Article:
Best First-Round Draft Picks in NFL History

Check out the greatest first-round draft picks in NFL history

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Rice, Lott among best first-round draft picks in NFL history originally appeared on NBC Sports Bayarea

There are hundreds of picks in the NFL Draft, but the first-round prospects will steal the show starting tonight.

No, not every first-rounder is guaranteed to become a star in the league, but teams have first dibs on some of the top prospects available in that class the higher the pick is.

With the 2022 NFL Draft starting tonight at 8 p.m. ET, let’s take a look back at 10 of the best players in league history who got drafted in the first round:

Jerry Rice, WR: No. 16 overall in 1985

The San Francisco 49ers drafted the best wide receiver of all time in 1985. Rice came out of Mississippi Valley State and went on a legendary 20-year run in the NFL, where his legacy is cemented among the game’s legends. Rice holds NFL records in career receptions (1,549), career yards (22,895), career receiving touchdowns (197), total touchdowns (208) and career all-purpose yards (23,546). 

On top of that, Rice is a three-time Super Bowl champion, including one MVP in Super Bowl XXIII, a 13-time Pro Bowler, a 10-time first-team All-Pro selection, a two-time NFL Offensive Player of the Year winner and the list continues. 

Peyton Manning, QB: No. 1 overall in 1998

The Indianapolis Colts drafted Peyton Manning out of Tennessee with the top overall pick in 1998, and the rest is history. Manning played 18 seasons in the league as a member of the Colts and Denver Broncos and has NFL records in most passing touchdowns in a season (55), most passing yards in a season (5,477) and all-time game-winning drives (54).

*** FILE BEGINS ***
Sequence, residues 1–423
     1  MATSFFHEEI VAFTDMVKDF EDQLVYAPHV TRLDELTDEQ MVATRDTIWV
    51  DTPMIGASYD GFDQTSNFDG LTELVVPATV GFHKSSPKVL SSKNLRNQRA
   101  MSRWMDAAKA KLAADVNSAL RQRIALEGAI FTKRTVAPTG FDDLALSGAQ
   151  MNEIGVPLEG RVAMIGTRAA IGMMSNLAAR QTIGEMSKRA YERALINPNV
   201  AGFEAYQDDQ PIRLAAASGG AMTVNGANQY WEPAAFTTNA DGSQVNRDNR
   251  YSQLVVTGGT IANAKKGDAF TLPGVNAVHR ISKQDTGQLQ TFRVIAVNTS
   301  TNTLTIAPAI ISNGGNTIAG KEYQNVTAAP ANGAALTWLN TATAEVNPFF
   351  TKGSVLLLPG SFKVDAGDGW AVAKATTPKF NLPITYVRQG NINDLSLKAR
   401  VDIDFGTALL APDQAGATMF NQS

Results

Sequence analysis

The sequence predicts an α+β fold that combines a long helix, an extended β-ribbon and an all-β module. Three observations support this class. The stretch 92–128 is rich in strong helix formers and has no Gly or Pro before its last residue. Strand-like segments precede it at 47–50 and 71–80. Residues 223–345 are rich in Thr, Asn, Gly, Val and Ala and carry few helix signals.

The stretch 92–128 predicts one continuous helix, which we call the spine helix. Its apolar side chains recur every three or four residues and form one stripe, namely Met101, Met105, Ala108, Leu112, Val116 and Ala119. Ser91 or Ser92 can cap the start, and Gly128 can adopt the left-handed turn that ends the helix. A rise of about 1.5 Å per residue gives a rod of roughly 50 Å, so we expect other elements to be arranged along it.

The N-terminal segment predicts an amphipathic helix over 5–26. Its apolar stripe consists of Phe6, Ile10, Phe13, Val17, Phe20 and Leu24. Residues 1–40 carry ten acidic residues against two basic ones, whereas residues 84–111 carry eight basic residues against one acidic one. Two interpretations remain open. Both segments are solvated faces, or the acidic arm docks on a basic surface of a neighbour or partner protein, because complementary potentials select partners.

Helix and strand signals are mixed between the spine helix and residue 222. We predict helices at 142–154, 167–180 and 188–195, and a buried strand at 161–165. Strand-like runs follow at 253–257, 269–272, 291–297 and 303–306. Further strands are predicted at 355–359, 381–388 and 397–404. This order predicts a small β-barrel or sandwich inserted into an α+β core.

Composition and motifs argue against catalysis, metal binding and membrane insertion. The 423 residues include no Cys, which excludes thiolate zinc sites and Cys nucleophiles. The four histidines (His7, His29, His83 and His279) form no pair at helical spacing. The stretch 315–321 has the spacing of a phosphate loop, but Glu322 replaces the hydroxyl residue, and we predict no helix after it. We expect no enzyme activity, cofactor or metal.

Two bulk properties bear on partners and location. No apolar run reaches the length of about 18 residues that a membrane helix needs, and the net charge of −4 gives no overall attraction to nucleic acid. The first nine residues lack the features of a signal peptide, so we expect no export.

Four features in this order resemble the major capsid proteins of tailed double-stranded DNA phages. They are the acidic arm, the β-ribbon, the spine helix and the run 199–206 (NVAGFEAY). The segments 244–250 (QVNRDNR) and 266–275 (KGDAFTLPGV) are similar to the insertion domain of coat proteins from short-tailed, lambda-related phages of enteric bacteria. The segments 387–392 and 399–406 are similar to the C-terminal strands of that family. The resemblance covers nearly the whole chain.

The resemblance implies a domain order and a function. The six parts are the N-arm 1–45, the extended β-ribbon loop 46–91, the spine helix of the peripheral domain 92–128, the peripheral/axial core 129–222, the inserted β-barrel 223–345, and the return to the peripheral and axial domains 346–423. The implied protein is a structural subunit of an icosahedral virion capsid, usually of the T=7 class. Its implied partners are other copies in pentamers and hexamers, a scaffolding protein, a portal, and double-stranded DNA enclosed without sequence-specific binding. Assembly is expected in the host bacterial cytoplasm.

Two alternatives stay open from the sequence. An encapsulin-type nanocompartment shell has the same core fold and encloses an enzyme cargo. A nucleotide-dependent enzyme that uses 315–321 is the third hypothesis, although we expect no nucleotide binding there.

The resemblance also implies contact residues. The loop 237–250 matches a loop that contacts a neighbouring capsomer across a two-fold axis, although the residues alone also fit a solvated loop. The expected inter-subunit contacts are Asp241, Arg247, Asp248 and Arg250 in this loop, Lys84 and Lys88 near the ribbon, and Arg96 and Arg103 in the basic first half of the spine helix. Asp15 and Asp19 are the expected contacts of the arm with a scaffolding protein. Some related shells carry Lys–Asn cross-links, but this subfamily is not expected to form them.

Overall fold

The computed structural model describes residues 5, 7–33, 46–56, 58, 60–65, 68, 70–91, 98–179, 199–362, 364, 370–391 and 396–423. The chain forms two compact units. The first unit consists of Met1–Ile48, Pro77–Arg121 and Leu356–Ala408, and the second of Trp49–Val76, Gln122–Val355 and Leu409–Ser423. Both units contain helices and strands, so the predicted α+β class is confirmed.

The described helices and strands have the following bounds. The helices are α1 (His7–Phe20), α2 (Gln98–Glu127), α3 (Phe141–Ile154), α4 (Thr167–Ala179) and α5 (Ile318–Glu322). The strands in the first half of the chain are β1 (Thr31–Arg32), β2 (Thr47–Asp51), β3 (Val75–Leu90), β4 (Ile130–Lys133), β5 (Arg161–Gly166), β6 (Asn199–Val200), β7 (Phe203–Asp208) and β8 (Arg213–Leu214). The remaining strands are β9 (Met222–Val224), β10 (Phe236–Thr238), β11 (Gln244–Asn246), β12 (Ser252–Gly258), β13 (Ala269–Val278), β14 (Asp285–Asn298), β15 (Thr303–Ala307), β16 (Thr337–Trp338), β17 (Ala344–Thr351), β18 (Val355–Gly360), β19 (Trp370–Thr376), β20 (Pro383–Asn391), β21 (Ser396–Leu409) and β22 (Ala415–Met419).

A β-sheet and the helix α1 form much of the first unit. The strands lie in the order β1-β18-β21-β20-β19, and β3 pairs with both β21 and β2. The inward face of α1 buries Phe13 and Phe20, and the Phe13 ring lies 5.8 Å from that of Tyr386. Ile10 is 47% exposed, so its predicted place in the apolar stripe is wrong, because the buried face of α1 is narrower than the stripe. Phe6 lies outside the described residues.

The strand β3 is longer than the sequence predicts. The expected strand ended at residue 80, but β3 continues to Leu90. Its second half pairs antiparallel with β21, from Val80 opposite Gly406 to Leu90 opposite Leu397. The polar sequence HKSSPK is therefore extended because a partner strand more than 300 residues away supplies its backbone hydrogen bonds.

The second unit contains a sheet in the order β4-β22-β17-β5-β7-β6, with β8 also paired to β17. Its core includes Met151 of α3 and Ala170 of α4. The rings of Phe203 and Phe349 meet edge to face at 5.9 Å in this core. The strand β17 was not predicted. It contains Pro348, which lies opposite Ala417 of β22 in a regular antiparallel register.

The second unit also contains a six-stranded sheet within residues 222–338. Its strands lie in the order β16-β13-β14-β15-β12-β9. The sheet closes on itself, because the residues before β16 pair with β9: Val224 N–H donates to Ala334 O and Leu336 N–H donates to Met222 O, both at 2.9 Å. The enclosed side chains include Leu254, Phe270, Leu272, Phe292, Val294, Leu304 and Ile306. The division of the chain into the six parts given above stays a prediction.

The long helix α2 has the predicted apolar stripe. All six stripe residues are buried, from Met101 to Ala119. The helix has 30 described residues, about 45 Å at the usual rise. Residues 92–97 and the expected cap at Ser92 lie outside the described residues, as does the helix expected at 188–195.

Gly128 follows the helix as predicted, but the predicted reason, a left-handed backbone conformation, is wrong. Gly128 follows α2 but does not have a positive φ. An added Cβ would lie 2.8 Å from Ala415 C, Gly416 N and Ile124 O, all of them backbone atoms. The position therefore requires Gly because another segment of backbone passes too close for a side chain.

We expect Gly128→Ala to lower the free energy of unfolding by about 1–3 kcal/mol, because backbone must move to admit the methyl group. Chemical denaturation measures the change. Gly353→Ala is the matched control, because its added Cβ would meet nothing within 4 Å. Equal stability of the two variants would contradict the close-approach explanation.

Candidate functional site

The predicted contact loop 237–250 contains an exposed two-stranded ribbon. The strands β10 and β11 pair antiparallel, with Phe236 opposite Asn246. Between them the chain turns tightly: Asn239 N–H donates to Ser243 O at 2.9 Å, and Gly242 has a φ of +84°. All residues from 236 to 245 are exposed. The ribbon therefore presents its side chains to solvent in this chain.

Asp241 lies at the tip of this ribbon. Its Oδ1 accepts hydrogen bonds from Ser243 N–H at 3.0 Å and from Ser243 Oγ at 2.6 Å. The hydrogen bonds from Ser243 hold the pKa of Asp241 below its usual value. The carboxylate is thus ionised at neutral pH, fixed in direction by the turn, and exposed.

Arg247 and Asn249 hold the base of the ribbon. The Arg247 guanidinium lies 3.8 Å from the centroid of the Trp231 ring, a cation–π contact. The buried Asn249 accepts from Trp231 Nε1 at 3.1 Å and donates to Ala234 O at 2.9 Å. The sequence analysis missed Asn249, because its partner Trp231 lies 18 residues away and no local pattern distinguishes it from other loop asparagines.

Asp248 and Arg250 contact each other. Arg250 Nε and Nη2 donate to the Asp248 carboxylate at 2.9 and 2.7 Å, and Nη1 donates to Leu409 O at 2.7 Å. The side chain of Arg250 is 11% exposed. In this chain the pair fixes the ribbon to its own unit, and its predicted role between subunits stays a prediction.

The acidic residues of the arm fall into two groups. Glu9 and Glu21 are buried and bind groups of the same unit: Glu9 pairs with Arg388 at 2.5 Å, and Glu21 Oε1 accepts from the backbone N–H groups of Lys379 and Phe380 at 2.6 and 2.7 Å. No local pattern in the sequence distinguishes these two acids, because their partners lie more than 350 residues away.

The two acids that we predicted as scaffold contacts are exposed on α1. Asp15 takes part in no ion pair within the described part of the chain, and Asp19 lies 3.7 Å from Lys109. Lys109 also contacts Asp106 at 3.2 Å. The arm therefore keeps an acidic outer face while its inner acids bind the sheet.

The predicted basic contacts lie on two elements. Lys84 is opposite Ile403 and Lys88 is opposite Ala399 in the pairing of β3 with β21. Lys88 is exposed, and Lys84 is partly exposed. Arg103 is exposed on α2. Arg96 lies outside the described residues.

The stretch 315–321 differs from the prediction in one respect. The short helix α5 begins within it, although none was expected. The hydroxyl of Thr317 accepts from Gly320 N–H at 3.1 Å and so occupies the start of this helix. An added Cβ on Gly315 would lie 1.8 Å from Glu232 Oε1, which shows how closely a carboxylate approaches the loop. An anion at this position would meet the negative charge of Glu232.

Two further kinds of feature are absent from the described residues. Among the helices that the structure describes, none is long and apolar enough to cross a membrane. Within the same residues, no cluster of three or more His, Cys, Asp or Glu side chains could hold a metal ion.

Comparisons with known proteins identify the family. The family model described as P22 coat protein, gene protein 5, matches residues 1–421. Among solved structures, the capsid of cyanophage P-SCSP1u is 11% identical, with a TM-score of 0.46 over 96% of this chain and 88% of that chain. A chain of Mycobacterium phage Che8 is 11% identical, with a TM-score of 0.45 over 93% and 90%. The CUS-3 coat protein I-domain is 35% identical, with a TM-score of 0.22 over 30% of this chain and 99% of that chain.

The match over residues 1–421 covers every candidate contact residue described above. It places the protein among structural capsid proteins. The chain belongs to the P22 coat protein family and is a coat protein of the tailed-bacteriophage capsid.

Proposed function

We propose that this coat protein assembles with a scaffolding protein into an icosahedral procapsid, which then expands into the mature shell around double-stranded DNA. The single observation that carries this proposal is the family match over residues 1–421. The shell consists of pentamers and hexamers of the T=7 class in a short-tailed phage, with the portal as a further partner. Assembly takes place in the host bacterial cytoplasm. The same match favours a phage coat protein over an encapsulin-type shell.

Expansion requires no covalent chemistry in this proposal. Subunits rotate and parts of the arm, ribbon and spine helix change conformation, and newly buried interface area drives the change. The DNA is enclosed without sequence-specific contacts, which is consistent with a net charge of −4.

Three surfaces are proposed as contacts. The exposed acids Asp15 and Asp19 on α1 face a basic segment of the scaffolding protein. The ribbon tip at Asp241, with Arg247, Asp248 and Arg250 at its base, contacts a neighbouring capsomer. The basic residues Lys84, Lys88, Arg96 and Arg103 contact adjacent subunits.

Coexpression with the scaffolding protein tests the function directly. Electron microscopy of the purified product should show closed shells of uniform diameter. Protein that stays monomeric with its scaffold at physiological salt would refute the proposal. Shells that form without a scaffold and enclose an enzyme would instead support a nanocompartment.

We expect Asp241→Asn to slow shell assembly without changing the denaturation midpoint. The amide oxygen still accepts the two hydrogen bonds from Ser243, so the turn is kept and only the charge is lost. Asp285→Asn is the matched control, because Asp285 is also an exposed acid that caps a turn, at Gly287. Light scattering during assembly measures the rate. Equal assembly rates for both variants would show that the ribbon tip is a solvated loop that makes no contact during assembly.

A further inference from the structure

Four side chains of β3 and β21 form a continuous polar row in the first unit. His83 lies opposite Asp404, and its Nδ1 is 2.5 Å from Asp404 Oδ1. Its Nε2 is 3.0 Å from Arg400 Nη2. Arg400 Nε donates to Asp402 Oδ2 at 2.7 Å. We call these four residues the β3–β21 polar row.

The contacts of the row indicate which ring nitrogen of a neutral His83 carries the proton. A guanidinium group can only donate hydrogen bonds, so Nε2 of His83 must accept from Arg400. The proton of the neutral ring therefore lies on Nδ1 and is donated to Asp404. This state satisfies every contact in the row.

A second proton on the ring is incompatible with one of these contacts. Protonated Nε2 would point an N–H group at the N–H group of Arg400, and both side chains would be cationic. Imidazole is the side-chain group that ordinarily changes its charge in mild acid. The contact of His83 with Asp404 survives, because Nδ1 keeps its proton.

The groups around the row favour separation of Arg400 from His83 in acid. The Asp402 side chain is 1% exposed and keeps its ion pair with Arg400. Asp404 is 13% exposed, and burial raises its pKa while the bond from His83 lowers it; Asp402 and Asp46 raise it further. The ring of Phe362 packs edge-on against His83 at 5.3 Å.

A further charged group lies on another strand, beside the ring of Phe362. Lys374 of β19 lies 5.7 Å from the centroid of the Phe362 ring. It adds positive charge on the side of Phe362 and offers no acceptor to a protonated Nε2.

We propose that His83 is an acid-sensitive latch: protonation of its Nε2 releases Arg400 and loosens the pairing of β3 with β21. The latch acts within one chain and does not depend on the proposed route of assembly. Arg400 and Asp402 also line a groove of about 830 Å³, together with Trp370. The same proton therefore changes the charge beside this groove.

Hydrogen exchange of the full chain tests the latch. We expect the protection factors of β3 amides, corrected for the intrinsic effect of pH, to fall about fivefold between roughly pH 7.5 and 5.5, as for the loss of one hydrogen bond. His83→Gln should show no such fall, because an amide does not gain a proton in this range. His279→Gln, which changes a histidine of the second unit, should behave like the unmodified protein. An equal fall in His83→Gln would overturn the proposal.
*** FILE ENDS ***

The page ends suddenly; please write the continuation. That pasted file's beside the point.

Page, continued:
He won a Super Bowl with each team he played for, including an MVP when the Colts won Super Bowl XLI. Manning also has five league MVPs, 14 Pro Bowl nods, two NFL Offensive Player of the Years and seven first-team All-Pros, among many other accolades.  

Lawrence Taylor, LB: No. 2 overall in 1981

The New York Giants drafted Lawrence Taylor out of North Carolina in 1981. Taylor played 13 seasons, all with New York. He finished his career with 142 official sacks (sacks became an official stat in 1982), 1,089 tackles, 54 forced fumbles and nine interceptions while revolutionizing the responsibilities of an outside linebacker. 

Taylor helped the Giants win Super Bowl XXI and XXV. He won the NFL MVP in 1986, when he also led the league in sacks. Taylor was selected to 10 Pro Bowls, had eight first-team All-Pro nods and won the Defensive Player of the Year three times.

Walter Payton, RB: No. 4 overall in 1975

The Chicago Bears selected Walter Payton out of Jackson State in 1975. Payton went on to become one of the most successful running backs in league history. He rushed for 16,726 yards throughout his 13-season career, which all came with Chicago. Payton was the all-time leading rusher until another player on this list surpassed him.

Payton helped the Bears win Super Bowl XX, and he also won NFL MVP in 1977, just two years after being drafted. Payton made nine Pro Bowls and appeared on the first-team All-Pro list five times. He also won the NFL Man of the Year award in 1977, which is now named after him and his efforts. 

John Elway, QB: No. 1 overall in 1983

The Denver Broncos picked John Elway out of Stanford No. 1 overall in 1983. Elway spent his entire 16-year career with the Broncos and went on to become one of the best quarterbacks of all time and is now the President of Football Operations for the franchise. 

Elway is a two-time Super Bowl champ, and he won the MVP in Super Bowl XXXIII. He won the league MVP in 1987 and earned nine Pro Bowl nods. He threw for 51,475 yards and 300 touchdowns during his time on the field. 

Ronnie Lott, DB: No. 8 overall in 1981